Ex-soldier jailed for Bloxwich explosives hoard

Joanne Morris Joanne Morris was working as an ambulance controller at the time of her arrest

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A former soldier has been jailed for amassing a large hoard of ammunition and military-grade explosives.

Joanne Morris's cottage on Station Street, Bloxwich, was raided by police in November.

Nearby properties, including Bloxwich police station, were evacuated and cordoned off for up to three days.

Morris earlier admitted a total of 10 charges and has been jailed for seven years after a hearing at Wolverhampton Crown Court.

The 48-year-old - who went by the name of Paul Morris at the time of the arrest - was caught when airport borders agency staff intercepted a parcel containing gun parts addressed to her.

Police said a raid on her home uncovered the largest single haul of its kind in the West Midlands in the past 10 years.

Bomb disposal experts carried out a controlled explosion on detonators, while officers said 1.5kg of explosives was discovered that "had the potential to flatten homes and put lives in danger".

'Doomsday scenario'

West Midlands Police said search teams found seven sticks of plastic explosives, detonators and fuses buried in a flower bed, plus a basic improvised explosive device made up of gun powder and metal caps inside a plastic denture tablets tube.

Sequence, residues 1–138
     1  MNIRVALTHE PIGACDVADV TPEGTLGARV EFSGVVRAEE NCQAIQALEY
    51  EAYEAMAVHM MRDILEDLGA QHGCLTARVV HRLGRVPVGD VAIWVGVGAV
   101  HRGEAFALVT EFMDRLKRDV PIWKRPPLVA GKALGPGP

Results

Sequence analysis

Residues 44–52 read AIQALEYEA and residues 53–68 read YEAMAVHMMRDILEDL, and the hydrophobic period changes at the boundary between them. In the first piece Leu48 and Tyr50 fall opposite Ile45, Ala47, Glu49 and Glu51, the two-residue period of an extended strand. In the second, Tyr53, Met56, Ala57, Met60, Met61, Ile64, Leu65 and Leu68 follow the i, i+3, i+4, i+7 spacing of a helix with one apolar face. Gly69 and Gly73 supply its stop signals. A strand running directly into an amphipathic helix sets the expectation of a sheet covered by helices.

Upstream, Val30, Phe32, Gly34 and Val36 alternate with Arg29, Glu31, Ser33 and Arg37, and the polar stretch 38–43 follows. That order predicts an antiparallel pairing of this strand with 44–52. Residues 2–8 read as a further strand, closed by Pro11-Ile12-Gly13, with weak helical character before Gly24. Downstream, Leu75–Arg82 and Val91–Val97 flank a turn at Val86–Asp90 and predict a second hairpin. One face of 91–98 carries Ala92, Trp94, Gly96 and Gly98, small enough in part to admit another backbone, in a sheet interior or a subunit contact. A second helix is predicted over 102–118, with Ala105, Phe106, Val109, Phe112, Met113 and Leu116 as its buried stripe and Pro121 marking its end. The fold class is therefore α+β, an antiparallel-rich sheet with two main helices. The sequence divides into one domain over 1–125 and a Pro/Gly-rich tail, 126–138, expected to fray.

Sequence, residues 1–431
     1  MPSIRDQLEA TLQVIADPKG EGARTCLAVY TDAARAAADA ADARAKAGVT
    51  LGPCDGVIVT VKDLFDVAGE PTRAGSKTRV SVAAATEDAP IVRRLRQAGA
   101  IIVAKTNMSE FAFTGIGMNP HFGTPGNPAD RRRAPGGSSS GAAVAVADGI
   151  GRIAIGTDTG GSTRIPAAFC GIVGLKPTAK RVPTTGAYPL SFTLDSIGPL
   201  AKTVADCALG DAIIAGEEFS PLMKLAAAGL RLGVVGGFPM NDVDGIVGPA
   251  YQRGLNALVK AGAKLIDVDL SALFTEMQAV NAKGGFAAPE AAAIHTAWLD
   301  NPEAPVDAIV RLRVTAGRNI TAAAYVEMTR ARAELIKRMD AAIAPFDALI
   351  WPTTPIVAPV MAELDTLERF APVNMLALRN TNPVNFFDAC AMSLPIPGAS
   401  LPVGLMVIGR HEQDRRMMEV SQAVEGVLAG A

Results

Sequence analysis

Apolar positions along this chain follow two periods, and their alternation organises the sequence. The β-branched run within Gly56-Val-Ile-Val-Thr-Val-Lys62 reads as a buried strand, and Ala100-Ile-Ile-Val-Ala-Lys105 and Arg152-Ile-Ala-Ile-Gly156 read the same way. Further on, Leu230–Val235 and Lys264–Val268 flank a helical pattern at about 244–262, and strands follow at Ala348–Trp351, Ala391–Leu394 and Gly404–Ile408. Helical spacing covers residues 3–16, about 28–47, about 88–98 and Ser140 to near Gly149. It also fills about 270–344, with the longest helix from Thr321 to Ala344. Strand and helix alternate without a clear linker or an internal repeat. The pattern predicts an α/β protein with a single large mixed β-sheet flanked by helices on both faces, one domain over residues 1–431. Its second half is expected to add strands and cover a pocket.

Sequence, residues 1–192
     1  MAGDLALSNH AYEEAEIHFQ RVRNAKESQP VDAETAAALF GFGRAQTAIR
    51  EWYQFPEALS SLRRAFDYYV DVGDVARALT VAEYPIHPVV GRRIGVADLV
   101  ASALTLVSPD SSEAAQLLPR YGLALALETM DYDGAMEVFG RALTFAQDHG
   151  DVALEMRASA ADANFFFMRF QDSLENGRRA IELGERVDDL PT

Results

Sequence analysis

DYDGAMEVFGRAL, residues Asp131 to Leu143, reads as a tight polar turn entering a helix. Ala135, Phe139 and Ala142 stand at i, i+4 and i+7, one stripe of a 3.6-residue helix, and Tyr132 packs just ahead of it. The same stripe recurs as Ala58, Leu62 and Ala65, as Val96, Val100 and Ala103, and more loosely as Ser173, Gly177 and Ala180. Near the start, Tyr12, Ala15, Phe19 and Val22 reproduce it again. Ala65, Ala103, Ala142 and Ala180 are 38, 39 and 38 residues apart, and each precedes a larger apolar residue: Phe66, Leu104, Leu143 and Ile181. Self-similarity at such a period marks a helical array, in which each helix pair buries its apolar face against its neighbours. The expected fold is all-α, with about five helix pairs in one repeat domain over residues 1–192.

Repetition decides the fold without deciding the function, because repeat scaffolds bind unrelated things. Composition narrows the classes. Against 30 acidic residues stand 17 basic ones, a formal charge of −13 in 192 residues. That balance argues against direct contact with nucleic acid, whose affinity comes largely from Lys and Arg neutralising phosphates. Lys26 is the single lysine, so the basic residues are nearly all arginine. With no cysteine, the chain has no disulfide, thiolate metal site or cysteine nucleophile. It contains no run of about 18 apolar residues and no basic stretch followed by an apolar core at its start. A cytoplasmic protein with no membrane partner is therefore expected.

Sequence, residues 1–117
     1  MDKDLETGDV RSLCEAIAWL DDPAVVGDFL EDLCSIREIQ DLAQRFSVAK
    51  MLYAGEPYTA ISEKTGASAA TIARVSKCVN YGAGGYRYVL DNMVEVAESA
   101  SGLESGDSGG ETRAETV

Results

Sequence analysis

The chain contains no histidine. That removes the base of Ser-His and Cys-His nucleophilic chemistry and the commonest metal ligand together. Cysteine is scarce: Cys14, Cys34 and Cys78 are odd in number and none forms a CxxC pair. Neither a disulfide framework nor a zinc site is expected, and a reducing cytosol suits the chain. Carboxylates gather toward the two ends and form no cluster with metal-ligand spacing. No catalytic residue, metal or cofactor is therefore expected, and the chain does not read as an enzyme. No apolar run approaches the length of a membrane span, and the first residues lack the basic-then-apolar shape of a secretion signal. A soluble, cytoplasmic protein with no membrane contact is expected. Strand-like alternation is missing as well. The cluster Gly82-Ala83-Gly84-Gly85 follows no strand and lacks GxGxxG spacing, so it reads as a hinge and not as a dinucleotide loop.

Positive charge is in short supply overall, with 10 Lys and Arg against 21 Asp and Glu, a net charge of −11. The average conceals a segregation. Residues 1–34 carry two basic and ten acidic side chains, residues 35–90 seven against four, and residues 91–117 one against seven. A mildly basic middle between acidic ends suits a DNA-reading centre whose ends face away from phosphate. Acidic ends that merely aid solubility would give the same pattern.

Det Sgt Craig Newey, said Morris had "accrued a dangerous arsenal of firearms and explosives over several years".

He said she was "highly trained" and had all the components to build "viable explosive devices".

"Though there was no evidence she intended to use them in anger, they posed a huge risk and were potentially deadly," Det Sgt Newey said.

"Chemical warfare protection suits and ration packs were found at the address. One hypothesis was that Morris was preparing for some kind of world war three 'doomsday' scenario."

Station street in Bloxwich Parts of Station Street, Bloxwich, including the police station, were evacuated

The haul included ammunition presses, bullet casings, bullet heads and gun powder, as well as explosives typically used by the army for demolition exercises, police said.

Morris worked as a nurse after leaving the army and was an ambulance controller at the time of her arrest.

In May, she pleaded guilty to four counts of unlawfully possessing ammunition, four counts of unlawful possession of an explosive substance, one count of making an explosive substance and one count of illegally possessing a shotgun.

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